WWII Flying Tigers veteran recalls being shot down over China


Paul Crawford’s bullet-riddled Mustang P-51 was about 3,500 feet above central China when it started filling with smoke.

He couldn’t stay in, but he couldn’t get out.

“I released the canopy,” Crawford said, looking back on that day in 1945. “They tell you to roll over onto the wing, but instead I stood up. The wind knocked me right back down.”

On his second try, he rolled, but he got his leg tangled in the seat harness. As he dangled outside the fighter plane in the 250 mph breeze, the wind beat him against the fuselage just like a dog shakes a rat.

He freed his leg and, falling sideways, saw the rear stabilizer rushing directly at him like a guillotine. “I saw that tail-fin coming at me and I thought, ‘Now I’m dead.’”

Crawford didn’t die. In a moment you’ll learn more about how he escaped.

Suffice it to say that, once his parachute opened and he landed behind Japanese lines, his troubles were far from over.

Crawford, 91, recently visited a Dunwoody social club called ROMEO — Retired Old Men Eating Out — and described his 200-mile odyssey in China, dodging Japanese troops on the way to a take-out point in the mountains.

“It was the best meeting we’ve ever had,” said Jack Miller, a youthful 80-year-old, who became friends with Crawford after they both joined the same athletic club.

Wednesday is Veterans Day, which reminds us to be grateful to all who have served, and there were veterans of Korea and Vietnam in the ROMEO gathering. But Crawford, a former Flying Tiger, was the center of attention.

Of the 16 million who served in World War II, fewer than a million survive, and 492 die each day, according to the National WWII Museum.

As a member of that dwindling cadre, Crawford carries memories that are ever more precious, and these days he’s more comfortable talking about those years, Miller said.

But Crawford, who lives in Buckhead, is quick to stipulate: “I was not a hero. I was just there.”

A native of Americus, Crawford arrived in China in 1944 as part of the U.S. Army Fourteenth Air Force, under the command of Gen. Claire Lee Chennault. The 14th was referred to as the Flying Tigers, though the original Tigers, organized as the American Volunteer Group under Chennault in 1941, disbanded in 1942, and was absorbed by the larger force.

Crawford flew 29 missions with the 14th. On his 29th, en route to attack a railroad near the Yellow River, he was shot down. His overriding regret from that moment on July 14, 1945, is that he was flying a brand-spanking-new P-51, a machine that still makes the old soldier’s eyes shine.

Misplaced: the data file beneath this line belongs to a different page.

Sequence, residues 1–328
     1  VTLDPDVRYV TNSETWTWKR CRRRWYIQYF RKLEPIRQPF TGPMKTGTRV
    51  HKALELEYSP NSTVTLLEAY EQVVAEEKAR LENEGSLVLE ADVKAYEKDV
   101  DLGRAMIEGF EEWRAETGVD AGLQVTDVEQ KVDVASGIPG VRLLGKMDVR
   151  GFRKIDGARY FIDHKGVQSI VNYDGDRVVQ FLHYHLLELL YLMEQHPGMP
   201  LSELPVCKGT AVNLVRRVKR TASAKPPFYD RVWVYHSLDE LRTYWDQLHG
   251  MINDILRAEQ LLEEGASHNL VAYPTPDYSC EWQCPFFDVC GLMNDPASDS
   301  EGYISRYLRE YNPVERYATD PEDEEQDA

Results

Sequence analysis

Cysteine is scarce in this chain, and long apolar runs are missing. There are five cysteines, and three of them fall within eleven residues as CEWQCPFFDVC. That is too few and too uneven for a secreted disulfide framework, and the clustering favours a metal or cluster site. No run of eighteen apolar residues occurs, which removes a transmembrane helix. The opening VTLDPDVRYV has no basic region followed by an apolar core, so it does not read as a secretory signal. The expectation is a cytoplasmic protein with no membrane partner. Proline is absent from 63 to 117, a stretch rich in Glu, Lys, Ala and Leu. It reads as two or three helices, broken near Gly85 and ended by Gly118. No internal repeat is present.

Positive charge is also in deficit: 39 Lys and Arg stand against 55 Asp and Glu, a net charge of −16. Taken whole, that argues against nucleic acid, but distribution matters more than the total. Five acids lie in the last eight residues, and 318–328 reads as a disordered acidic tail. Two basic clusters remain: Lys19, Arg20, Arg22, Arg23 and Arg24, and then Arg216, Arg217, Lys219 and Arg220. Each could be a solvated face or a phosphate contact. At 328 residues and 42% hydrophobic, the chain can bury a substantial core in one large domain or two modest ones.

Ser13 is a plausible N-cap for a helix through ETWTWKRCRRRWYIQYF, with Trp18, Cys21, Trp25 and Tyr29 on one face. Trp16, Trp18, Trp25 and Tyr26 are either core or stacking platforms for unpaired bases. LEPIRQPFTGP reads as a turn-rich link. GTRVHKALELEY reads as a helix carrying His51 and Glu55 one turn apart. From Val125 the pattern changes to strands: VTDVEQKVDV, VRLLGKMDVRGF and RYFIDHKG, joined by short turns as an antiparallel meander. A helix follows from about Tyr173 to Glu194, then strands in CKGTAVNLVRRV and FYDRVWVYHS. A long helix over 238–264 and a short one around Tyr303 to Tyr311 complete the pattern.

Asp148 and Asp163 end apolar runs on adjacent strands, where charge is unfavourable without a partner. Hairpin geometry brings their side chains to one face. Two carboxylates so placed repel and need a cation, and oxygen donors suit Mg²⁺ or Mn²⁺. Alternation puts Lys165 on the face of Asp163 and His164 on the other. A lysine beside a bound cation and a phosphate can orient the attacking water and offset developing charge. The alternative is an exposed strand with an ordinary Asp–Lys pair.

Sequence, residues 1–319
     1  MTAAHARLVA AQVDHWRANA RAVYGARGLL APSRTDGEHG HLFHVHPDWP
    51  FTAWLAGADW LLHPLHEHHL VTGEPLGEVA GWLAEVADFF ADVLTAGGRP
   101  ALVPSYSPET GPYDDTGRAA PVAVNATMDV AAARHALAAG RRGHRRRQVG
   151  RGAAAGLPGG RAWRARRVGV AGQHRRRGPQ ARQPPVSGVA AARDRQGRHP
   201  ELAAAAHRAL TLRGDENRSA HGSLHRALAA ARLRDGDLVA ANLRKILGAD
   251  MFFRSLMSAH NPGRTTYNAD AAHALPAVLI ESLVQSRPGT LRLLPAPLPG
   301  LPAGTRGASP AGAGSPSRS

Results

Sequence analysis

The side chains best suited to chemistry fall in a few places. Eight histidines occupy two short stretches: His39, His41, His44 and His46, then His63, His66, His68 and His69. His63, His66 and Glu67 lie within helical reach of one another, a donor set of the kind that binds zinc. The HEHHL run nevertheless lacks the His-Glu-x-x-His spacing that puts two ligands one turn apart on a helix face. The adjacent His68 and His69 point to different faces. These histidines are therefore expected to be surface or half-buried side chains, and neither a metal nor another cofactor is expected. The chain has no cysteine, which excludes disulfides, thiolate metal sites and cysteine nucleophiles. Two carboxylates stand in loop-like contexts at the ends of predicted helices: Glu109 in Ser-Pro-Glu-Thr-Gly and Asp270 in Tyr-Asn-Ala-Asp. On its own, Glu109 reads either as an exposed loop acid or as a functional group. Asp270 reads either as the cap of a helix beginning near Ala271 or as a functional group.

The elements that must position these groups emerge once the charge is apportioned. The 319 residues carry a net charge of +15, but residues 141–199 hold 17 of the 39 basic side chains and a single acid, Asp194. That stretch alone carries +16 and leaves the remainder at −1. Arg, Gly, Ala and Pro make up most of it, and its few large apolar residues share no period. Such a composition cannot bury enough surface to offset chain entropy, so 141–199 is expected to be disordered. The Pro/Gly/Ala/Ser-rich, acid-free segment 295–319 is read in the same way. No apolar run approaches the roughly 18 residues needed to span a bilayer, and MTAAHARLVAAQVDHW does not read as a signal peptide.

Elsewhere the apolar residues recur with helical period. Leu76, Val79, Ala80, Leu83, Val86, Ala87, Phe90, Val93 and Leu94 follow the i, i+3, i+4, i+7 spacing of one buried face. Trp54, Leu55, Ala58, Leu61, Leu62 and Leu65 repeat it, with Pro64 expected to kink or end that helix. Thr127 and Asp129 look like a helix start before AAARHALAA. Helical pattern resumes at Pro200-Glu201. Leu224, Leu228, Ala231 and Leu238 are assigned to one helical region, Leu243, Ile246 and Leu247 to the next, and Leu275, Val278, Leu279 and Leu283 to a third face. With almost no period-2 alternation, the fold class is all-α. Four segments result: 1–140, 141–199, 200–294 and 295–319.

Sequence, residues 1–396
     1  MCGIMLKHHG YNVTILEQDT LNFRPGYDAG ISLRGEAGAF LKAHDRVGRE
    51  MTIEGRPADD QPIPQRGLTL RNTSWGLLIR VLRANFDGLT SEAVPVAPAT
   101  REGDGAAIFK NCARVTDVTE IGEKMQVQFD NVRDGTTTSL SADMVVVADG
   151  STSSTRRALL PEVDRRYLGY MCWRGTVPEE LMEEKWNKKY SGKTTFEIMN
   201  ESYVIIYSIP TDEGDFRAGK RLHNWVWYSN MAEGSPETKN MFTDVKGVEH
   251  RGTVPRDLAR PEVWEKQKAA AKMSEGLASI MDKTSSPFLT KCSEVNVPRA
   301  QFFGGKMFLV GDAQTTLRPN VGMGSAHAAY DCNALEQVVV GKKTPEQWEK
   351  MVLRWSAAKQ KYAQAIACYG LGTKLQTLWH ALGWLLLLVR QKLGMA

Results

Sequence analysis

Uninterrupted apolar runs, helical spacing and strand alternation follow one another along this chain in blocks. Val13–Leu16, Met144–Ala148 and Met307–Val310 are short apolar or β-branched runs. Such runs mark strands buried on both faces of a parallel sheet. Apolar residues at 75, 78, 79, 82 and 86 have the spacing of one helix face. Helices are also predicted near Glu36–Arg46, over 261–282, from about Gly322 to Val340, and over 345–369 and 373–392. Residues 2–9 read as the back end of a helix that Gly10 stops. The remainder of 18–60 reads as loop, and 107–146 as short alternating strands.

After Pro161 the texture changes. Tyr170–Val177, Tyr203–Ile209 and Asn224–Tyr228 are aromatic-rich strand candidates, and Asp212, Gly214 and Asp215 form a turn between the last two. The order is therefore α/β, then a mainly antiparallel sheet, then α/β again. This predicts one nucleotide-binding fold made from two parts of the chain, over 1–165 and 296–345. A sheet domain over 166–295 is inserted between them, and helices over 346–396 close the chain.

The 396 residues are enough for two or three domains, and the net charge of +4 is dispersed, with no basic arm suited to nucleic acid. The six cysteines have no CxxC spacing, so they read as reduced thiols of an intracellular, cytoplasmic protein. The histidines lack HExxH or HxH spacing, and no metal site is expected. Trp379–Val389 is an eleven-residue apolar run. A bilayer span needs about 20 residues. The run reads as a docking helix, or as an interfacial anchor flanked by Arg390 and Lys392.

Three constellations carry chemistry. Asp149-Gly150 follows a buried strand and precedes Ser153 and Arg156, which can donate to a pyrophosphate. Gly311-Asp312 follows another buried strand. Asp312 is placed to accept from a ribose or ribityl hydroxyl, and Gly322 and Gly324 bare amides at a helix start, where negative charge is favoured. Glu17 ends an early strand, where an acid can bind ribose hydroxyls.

“There’s nothing in the world like that airplane,” Crawford said recently. “It had the power, the armor, the armaments, the maneuverability; it was quick.”

He hated to see it shot up and to watch it crash, but he avoided the tail-fin, and, with only a bump on the head, landed his first parachute jump. (Crawford said there had been no practicing with parachutes during his training.)

With the help of Communist Chinese fighters, Crawford eluded Japanese soldiers at the crash site, and traveled on foot and on horseback to a secret airstrip in the highlands.

It was near a compound owned by a wealthy, Western-educated native, who served as a go-between with U.S. troops based in the Yunnan province of China. Among the highlights of that stay on the plantation were a warm bath, clean clothes and a fried chicken dinner — all of them quite welcome after three weeks wandering in the mountains, living on rice and honey.

Crawford and others gathered at the take-out point were also introduced to Mao Tse Tung, though the Chinese leader seemed uninterested in the American soldiers. “I don’t think he gave a damn,” Crawford said. “He barely acknowledged us.”

The Southerner arrived back at the Yunnan base on Aug. 5, a day before the bombing of Hiroshima.

He went on to graduate from Georgia Tech; to marry his college sweetheart, Jean Bullard; to raise a daughter, Marcia; to work a long career in the envelope business; and enjoy some excellent fishing in Florida and South Georgia. (His wife, Jean, died in 2007, after 61 years of marriage.)

But he rarely has flown since 1945.

“They had a Mustang at Peachtree-DeKalb once,” he said, “but they wanted $3,000 to go up in it. They used to pay me $229 a month to fly one.”

He’s not interested in Bonanzas, Cessnas or Pipers.

“Once you’ve flown a Mustang, flying anything else wasn’t fun.”



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